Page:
This is the classic Indian rope trick. It shares a key feature with the anecdote of Ibn Battuta: the use of levitation. There is something about this trick that has fascinated enthusiasts for centuries. The controversy around it has only enhanced its mythic status. Some writers believe that, despite anecdotal evidence, the trick is mostly a hoax; others are firmly convinced that the trick was actually performed, but that modern magicians have lost the skill required to duplicate it today.
I have tried to investigate the subject myself, and found an interesting article that appeared in the journal Nature in 1996. The confident title of the study is Unravelling the Indian Rope Trick, and it was authored by Richard Wiseman and Peter Lamont. The authors begin by acknowledging the long record of eyewitness accounts: “[a]lthough many reports [of the trick] could be dismissed as travellers’ tales, others cannot be dismissed so easily. In the late nineteenth century, the trick was frequently discussed in the Anglo-Indian and British press, and many individuals wrote claiming to have witnessed the trick (or a version of it) in India. These accounts prompted many people to search extensively for the trick, often offering large sums of money to anybody able to perform it. The searches proved fruitless and the offers remained unclaimed.”
The authors take a scientific approach to the study of the illusion, speculating that accounts of the trick had become exaggerated and embellished over time: “one might expect a positive correlation between the impressiveness of the account and the length of time between performance and report. To test this notion, we searched all the publications discussing the rope-trick, and located 48 eyewitness accounts.” The authors establish various criteria for testing the reliability of the different accounts, yet never explain the basis for their assumption that the reliability of an account decreases with its age. They simply assume that ancient or medieval accounts are inherently untrustworthy; and this is a condescending attitude I find among many who profess to be adherents of modern science. Unsurprisingly, the authors take a dim view of the trick’s anecdotal pedigree, and conclude with the following: “In short, the data suggest that witnesses saw an unimpressive trick (possibly the pole-balancing trick) and then added elements drawn from Indian street magic and/or mythical versions of the trick as time passed.”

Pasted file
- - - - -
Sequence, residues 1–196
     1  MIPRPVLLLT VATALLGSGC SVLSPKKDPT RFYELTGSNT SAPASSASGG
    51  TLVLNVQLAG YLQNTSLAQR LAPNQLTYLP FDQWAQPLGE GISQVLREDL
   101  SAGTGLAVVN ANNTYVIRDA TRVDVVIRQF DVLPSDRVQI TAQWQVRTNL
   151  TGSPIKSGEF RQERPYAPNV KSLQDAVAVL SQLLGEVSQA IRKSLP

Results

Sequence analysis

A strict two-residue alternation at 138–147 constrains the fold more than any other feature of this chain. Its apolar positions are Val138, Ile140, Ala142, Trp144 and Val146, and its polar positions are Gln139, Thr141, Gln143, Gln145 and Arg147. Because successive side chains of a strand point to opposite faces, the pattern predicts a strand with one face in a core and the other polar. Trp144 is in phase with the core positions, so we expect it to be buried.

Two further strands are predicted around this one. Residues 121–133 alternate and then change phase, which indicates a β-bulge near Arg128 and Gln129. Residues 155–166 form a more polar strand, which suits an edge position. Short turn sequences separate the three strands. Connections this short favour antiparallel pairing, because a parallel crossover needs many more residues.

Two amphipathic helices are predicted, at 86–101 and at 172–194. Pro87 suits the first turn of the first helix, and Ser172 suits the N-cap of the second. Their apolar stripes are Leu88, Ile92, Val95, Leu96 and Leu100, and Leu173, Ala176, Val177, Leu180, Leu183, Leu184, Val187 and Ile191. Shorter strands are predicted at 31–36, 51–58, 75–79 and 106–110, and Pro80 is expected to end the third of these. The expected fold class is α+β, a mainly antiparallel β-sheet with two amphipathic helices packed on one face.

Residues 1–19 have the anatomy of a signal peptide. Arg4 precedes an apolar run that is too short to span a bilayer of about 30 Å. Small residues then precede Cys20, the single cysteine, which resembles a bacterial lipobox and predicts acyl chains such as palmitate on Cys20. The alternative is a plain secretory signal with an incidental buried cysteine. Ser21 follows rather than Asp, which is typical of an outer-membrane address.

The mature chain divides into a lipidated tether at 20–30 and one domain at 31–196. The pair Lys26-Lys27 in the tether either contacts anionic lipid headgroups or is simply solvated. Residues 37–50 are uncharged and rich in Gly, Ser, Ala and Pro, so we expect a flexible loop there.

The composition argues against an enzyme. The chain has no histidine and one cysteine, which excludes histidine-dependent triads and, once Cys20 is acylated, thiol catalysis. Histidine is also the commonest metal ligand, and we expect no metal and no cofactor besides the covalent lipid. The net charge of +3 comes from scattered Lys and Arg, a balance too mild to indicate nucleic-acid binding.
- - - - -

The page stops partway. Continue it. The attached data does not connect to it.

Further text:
But there is another possibility that Wiseman and Lamont seem to have neglected. It may be that certain groups of yogis in India were in possession of illusionist knowledge that has been forgotten in modern times. Perhaps the artistry needed to perform the trick successfully has been, like the special secrets of a medieval guild or an ancient mystery cult, been gradually covered up by the silt of time. This is not as far-fetched as it may seem. How often have we heard modern scientists say something like this: “We know that ancient or medieval architects created such-and-such, but we have no records from the period, and so we are not sure exactly how to make such things today.” The same could be said of armorers, artists, or many other fields of endeavor.
There are some things that our ancestors could do that we have lost the ability to do modernly. They could build temples we cannot build today. They could paint pictures we cannot paint today. They could write books that could not be written today. Is it such a stretch to believe, reader, that there are ancient magic tricks that, for whatever reason, we have lost the ability to perform today? And I find it very revealing that the authors of a study claiming to “unravel” a feat of illusionist artistry never seem to have considered this possibility.
Would it not have been better to research the actual practices of the yogis, and see what special mental, physical, and illusionist powers they may have developed over the centuries? My own belief is that the yogis of Ibn Battuta’s day were capable of physical feats of dexterity and discipline that are beyond the comprehension of modern man, and that they were in possession of specialized knowledge of the illusionist art that has not come down to us in complete form. Knowledge does not aggregate indefinitely in the minds of men; it can be lost, degraded or destroyed. There is much in this world that has been lost, and patiently awaits rediscovery.
 Travels of Ibn Battuta, Mackintosh-Smith, T., (ed.), London (2002), p. 291.